Worth It: NewlyMaid (Turn in Old Bridemaids' Dresses for New LBD)
By Ashley Robinson
So, I had this dress. It was strapless, light blue and … floor-length. You probably have the same type of dress in your closet, you know, the kind you wore ONE day, took a thousand pictures in and now takes a ridiculous amount of space in your closet – despite the fact you know you will never wear it again in a million years.
If I attempted to be coy about saying whose wedding I wore this garb in, this would be a very boring blog post, so I’ll just be out with it: the dress was from my sister’s wedding. It wasn’t a bad dress, per say, it just wasn’t one I would have picked out for myself or would ever wear again. (See picture, see my face, second from the right)
But, it’s what she wanted; she wanted her bridesmaids to all have the same matching dresses, in line with the formality of the event, all in her favorite shade of blue: sky. She wanted ball gowns and she wanted sparkles. No harm done. As a bride, she has that right. We wore the dresses, looked like floating Greek muses, and smiled for the cameras. My mother even offered, “You really could wear it again.” “Where? Where could I wear this again?” “Uh, I don’t really know.”
And up until recently, the dress just sat there in my closet, taking up more space than it deserved.
Then, I discovered NewlyMaid. Basically, what it does is take that pesky dress off of your hands and gives you credit for a new little black dress they sell on their site. “NewlyMaid accepts dresses from most manufacturers in the bridal industry including bridesmaids, mother of the bride, social occasion and prom dresses. The dress must be in good quality condition with no pulls, tears, stains or other blemishes. All zippers and clasps must be in good working order.”
So, that means if you spilled wine on yourself or got frisky with your date after the wedding to the detriment of your dress, you are out of luck. However, if your dress was like mine, nearly flawless (read: mellow, dry wedding), then fantastic.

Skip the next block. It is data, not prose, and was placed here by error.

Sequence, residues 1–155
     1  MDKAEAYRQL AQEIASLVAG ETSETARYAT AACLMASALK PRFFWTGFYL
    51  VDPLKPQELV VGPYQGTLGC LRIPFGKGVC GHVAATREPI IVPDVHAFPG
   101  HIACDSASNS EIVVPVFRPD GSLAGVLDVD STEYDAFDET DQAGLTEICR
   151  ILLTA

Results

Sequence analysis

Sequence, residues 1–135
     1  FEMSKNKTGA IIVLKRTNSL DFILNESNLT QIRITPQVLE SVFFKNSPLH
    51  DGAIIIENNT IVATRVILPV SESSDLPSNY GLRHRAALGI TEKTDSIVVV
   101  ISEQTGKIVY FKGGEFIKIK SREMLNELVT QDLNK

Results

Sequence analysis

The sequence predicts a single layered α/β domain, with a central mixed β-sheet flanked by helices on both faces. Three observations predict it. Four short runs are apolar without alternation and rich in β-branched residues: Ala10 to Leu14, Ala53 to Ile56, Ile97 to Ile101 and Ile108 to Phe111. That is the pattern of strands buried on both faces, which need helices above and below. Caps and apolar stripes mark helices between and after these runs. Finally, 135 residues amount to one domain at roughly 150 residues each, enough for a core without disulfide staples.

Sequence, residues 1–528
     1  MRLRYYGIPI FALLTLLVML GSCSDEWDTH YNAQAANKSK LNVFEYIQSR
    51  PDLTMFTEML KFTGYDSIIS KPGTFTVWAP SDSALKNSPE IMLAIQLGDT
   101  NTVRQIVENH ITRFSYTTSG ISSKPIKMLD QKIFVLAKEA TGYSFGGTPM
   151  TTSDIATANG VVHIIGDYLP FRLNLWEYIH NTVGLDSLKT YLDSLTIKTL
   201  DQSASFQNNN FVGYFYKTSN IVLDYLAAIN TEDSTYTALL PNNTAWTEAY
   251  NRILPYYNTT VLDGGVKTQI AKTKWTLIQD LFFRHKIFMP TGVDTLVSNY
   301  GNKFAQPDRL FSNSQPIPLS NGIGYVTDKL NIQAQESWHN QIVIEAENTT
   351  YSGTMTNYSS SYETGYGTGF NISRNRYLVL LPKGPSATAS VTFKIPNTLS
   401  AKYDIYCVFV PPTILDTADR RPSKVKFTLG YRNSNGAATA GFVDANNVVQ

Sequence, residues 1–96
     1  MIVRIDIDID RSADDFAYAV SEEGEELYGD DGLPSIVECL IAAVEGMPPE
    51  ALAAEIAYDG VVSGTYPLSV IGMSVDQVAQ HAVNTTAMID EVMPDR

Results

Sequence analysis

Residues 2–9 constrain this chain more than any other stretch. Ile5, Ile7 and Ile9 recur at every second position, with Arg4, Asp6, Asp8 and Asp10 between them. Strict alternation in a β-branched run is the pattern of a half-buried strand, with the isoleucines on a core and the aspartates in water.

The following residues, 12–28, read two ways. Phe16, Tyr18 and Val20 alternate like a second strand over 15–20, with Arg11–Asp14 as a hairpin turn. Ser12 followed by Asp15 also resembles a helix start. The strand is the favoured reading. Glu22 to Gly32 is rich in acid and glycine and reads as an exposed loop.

Next, you “Create an account on NewlyMaid.com and order a pre-paid mailer to send in your old dress …” Then they send you a bag, you fold up your gown, and say “Hasta la vista ball gown!” place the gown in the bag, slap on the mailing sticker and then throw it in a FedEx drop box. You pay nothing to ship the first dress – if you have others you want to send in, you pay for the shipping.
(And don’t worry; your old gown will be put to good use. They will either take the fabric and donate it to Clothes4Souls, which brings shoes and apparel to people in need around the world, or it will be broken down to make more yarn.)
Then, you wait a couple of weeks. I was pretty nervous about my dress. I didn’t know how much it would go for. Especially since I couldn’t find a label on it telling me it was made by a major manufacturer. In the meantime, I checked out some of the dresses shown on the site. All of them are black, and apparently change by the season. They are all categorized “LBDs” and hit just about the knee. And apparently, some of the dresses are made from recycled fabric from other turned in gowns.
When they sent me an email telling me it was approved, I was pleasantly surprised with the results. My little old ball gown was valued between $55 and $85. The dress’s value adjusts with each dress up for sale on the site. For example, the black sleeveless guipure lace dress with bateau neckline and low scoop back I chose sold for $200, but with my credit, the price dropped to $115. And then I took at little survey, and that got me 10% off … and then all of a sudden, my dress was priced at $83.
And then I waited a couple more weeks.
When I finally was able to try my new NewlyMaid dress on, I found … it was a little too long … and the waistline needed some altering … and damnit, it felt like just another stupid bridesmaid dress I would have to spend more time and money on to make it wearable!
This is no cute little black dress. It’s dowdy and dusty-looking. As my husband said, “You could wear it for Halloween with a witch hat!” And it is a costly reminder of how much money I had already spent on my sister’s bridesmaid dress. And without alterations, it is just taking up space in my closet. (Perhaps I just chose the wrong dress from the website? Maybe the others fit better? I dunno …)
Sigh, I guess there is no suitable replacement for a bridesmaid dress, and certainly no inexpensive substitutions.
So, you ask, Is NewlyMaid worth it? In concept: yes. In reality: not really.